The powdered mixture of tar and siliceous material is conveyed to the hopper I from which it is allowed to fall into the long, vertically disposed retort pipes 2, 2', of which there may be any desired number and which are constructed of any suitable heat resistant alloy. These pipes pass through the furnace, generally designated at 3. The furnace is maintained at substantially an orange red to yellow heat (700 to 1200 C.) by .combustion of any suitable fuel fed through door d, the hot gases passing upwardly and around retort pipes 2, 2' and then through conduit 5 and flue 5. When solid fuel is used in the furnace the latter is provided with a grate 7 and ash pit 8. It is, of course, understood that I contemplate the use of any suitable fuel, solid, liquid or gaseous.
As a matter of fact, the fuel gas by-product of my process, may be utilized for this purpose, if desired.
The retort pipes 2, 2 are supported by flanges 9, 0' in the lower layer of the furnace and also by flanges I 0, l0 mounted in the base of the hopper I. In order to prevent clogging of the mixture passing through the retort pipes, their cross section may be increased slightly downwardly, the diameter at the bottom being of the order of two inches larger than that at the top.
In passing through the retort pipes 2, 2' the tar of the mixture is catalytically decomposed and destructively distilled at the temperature maintained in the furnace, all of the volatile products being allowed to pass out of the retort pipes into condenser pipes Ii, II and l2, l2. These condenser pipes, arranged on either side of the furnace, terminate in common conduits i3, I 3', respectively, which in turn may lead to a condenser It then to a separatory chamber l'l (Fig. 3) of suitable size and shape for the collection of the liquid distillate.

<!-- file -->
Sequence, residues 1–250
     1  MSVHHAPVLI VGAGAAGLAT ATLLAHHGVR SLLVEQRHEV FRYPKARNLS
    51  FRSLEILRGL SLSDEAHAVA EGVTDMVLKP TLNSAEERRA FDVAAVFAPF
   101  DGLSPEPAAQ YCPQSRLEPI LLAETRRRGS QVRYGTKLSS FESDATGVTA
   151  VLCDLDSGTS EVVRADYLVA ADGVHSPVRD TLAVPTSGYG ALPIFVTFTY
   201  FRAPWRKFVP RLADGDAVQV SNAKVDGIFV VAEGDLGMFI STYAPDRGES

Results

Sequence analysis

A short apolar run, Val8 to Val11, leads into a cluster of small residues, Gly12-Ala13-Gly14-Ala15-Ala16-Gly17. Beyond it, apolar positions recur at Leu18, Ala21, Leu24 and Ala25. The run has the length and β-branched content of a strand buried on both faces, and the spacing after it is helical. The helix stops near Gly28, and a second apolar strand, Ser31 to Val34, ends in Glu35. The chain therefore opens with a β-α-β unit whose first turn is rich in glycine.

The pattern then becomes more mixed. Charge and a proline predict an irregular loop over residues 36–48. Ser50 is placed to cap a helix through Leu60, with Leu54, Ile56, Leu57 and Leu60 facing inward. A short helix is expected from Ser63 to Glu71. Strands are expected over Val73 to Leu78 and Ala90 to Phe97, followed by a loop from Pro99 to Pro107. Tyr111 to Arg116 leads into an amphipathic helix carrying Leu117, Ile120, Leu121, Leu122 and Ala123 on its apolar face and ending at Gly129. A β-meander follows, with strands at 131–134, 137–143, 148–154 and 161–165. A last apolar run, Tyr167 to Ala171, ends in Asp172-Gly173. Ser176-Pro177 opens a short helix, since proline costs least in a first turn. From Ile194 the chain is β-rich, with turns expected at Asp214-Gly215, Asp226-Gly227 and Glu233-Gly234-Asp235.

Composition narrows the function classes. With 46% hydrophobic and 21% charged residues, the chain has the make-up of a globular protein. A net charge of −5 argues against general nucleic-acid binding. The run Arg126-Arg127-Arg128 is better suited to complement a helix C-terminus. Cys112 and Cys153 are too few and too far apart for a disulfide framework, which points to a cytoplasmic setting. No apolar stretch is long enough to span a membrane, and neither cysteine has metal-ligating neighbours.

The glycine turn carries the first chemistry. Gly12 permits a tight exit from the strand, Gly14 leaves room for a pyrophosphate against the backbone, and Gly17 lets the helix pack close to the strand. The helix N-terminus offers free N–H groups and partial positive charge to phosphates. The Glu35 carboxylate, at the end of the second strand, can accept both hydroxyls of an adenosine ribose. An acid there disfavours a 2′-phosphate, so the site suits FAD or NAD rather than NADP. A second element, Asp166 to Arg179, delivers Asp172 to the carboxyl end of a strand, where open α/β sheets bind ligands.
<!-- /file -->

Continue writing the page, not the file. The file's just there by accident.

The rate of flow or drop of the distilling mixture in the retort pipes 2, 2' is regulated by the speed of the screw conveyor I. located in discharge pipe I! and driven by any suitable driving mechanism operating upon pulley 16.
The discharge pipe II, which is welded to the lower ends of retort pipes 2, 2' is slightly elevated at the exit end in order to prevent air from reaching the hot carburized silica before it has had time to cool. I have found this precaution desirable because the carbon will burn out and ruin the product if exposed to air at temperatures in excess of about 450 C. It is possible, of course,
to positively cool conveyor pipe i5. Or, if desired, a heat recuperator may be placed around the exit of conveyor I5 and employed for heating the air which is subsequently used for combustion purposes.
The volatile products obtained in my process, which pass from the retorts 2, 2' by means of pipes l2, l3 may be treated in various ways. The vapor pipes I3, it may be water cooled, if desired, as shown at l8 in Fig. 3, before passing to separator II. The gases leaving separator I! by pipe 28 are advantageously passed through a pump 19 which produces a slightly sub-atmospheric pressure in a small section of the retort tubes 2, 2'. This reduced pressure prevents loss of volatiles from hopper I. The gases leaving pump l9 are passed through a scrubber 20whichis fed by a light oil through line 2|. The scrubbed gases then pass into fuel gas receiver "by line 28. These gases may then leave by line 24 to be used in heating the furnace 3. I have found that my process, conducted as described, roughly yields from about 4500 to 5500 cubic feet of rich fuel gas-for each ton of tar processed.
The separator I1 is usually maintained at a temperature'ranging from about 20 to 50 C. The liquid products collecting in this separator are drawnoif by pipe 25. These products may be fractionated by conventional methods. The first fraction recovered, which is usually taken of! when the temperature reaches about C. contains a large amount of water and a light oil.
The oil can be readily separated and may be used to make a paint, as described subsequently. The aqueous solution remaining is alkaline and contains ammonia, pyridine and other basic constituents, which may be recovered by standard methods. r
The second fraction, usually taken off at tem- 'peratures ranging from about to 225 C.,-is
found to contain naphthalene, cresylic acid and phenol. These products can be separated and recovered by conventional methods. The third fraction, usually taken off at temperatures ranging from 225 to 300 C. contains anthracene oil from which crude anthracene can be separated on standing.
The fourth fraction taken off at temperatures ranging from about 300 to 400 C. is a greenish solid product dispersed in a heavy hydrocarbon oil. If this solid product is extracted with hot alcohol and the solution filtered it will be found that the filtrate contains anthracene while crude anthraqulnone is retained on the filter A small amount of phenanthrene is also present in this fraction and can be recovered if desired.